Spacecraft that will hunt aliens on Jupiter's moons being assembled by ESA

The European Space Agency is about to assemble its spacecraft that will look for alien life on Jupiter's moons

The spacecraft that the European Space Agency (ESA) will launch to explore Jupiter and its moons is now ready to be assembled. Its main objective is to determine if Jupiter's natural satellites have the right conditions to support alien life.

ESA's latest spacecraft is known as the Jupiter Icy Moons Explorer (JUICE). According to the agency, it recently arrived at the facility of its contractor Airbus Defense and Space in Germany for final integration.

Assembling The JUICE Spacecraft

Juno’s Latest Flyby of Jupiter Captures Two Massive Storms
This image of Jupiter’s turbulent southern hemisphere was captured by NASA’s Juno spacecraft as it performed its most recent close flyby of the gas giant planet on Dec. 21, 2018. This new perspective captures the notable Great Red Spot, as well as a massive storm called Oval BA. The storm reached its current size when three smaller spots collided and merged in the year 2000. The Great Red Spot, which is about twice as wide as Oval BA, may have formed from the same process centuries ago. Juno captured Oval BA in another image earlier on in the mission on Feb. 7, 2018. The turbulent regions around, and even the shape of, the storm have significantly changed since then. Oval BA further transformed in recent months, changing color from reddish to a more uniform white. Juno took the three images used to produce this color-enhanced view on Dec. 21, between 9:32 a.m. PST (12:32 p.m. EST) and 9:42 a.m. PST (12:42 p.m. EST). At the time the images were taken, the spacecraft was between approximately 23,800 miles (38,300 kilometers) to 34,500 miles (55,500 kilometers) from the planet’s cloud tops above southern latitudes spanning 49.15 to 59.59 degrees. Citizen scientists Gerald Eichstädt and Seán Doran created this image using data from the spacecraft’s JunoCam imager. NASA/JPL-Caltech/SwRI/MSSS/Gerald Eichstädt/Seán Doran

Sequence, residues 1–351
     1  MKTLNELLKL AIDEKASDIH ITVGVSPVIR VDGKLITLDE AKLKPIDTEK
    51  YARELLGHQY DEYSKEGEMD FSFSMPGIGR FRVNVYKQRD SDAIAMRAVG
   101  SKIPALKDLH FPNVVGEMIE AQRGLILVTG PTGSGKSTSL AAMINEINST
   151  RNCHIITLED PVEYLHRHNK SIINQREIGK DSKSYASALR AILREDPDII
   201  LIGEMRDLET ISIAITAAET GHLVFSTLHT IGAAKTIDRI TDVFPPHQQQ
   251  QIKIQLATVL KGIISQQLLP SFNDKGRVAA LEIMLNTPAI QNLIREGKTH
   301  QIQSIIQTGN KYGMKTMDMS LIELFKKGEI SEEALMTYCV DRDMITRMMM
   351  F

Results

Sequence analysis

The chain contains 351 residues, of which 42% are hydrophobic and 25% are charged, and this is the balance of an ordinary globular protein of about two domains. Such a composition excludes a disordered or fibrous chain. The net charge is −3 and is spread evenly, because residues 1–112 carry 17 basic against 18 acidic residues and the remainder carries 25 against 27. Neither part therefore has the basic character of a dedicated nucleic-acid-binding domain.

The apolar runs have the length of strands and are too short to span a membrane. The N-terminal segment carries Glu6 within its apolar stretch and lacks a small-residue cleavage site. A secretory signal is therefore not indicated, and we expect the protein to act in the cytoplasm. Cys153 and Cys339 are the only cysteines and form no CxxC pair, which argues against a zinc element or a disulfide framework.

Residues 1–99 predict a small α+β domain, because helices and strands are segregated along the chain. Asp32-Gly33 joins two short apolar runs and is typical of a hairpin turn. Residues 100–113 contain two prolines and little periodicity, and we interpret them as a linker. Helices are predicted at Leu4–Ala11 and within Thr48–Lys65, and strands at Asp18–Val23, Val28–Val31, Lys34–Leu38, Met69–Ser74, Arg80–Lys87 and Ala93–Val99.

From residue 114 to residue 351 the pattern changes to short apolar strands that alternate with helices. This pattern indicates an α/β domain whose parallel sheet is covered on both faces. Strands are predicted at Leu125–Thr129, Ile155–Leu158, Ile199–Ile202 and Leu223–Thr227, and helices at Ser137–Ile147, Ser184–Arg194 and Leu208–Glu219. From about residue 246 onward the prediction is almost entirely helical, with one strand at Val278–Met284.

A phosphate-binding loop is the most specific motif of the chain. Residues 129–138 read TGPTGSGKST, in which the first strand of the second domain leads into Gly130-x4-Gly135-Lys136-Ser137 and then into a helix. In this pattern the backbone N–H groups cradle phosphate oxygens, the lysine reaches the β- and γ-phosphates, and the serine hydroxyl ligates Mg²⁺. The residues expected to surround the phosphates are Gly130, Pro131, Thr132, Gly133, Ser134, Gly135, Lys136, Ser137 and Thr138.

Development of JUICE began in 2015 after Airbus was selected by the ESA to handle the spacecraft's design and construction. As part of the integration process, the spacecraft will be fitted with its various components.

Some of these include its communication systems, navigation sensors and on-board computers. Once it has been fully assembled, JUICE will be taken to ESA's Space Technology and Research Center in the Netherlands for testing.

JUICE's Journey To Jupiter


JUICE is scheduled to launch in June of 2022 through the Ariane 5 rocket. Its main objective is to visit and study Jupiter's moons Ganymede, Callisto and Europa. According to the ESA, it will take about severs years for JUICE to reach its targets.

In order to reach Jupiter and its moons, the ESA will execute multiple slingshot manoeuvres on Earth, Venus and Mars. The ESA believes using the gravitational forces of these planets will put JUICE on the right trajectory to Jupiter.

The Hunt For Alien Life

These three moons of Jupiter were specifically selected for the mission due to their environmental conditions. Scientists believe these natural satellites have the right conditions to host liquid water or oceans. Through the JUICE spacecraft, the ESA is looking to analyze the composition of the oceans on Jupiter's moons. The agency will try to determine if these oceans contain traces of alien lifeforms.

"Expected to set out for its seven-year cruise to Jupiter in 2022, JUICE will carry 10 scientific instruments for detailed inspection of the largest planet of the Solar System and its moons, including Ganymede, Europa and Callisto, which are believed to host oceans of water," the ESA explained in a statement. "During its planned three-year mission, the spacecraft is expected to answer the question whether the oceans of the icy moons host any forms of life."

Related topics : Space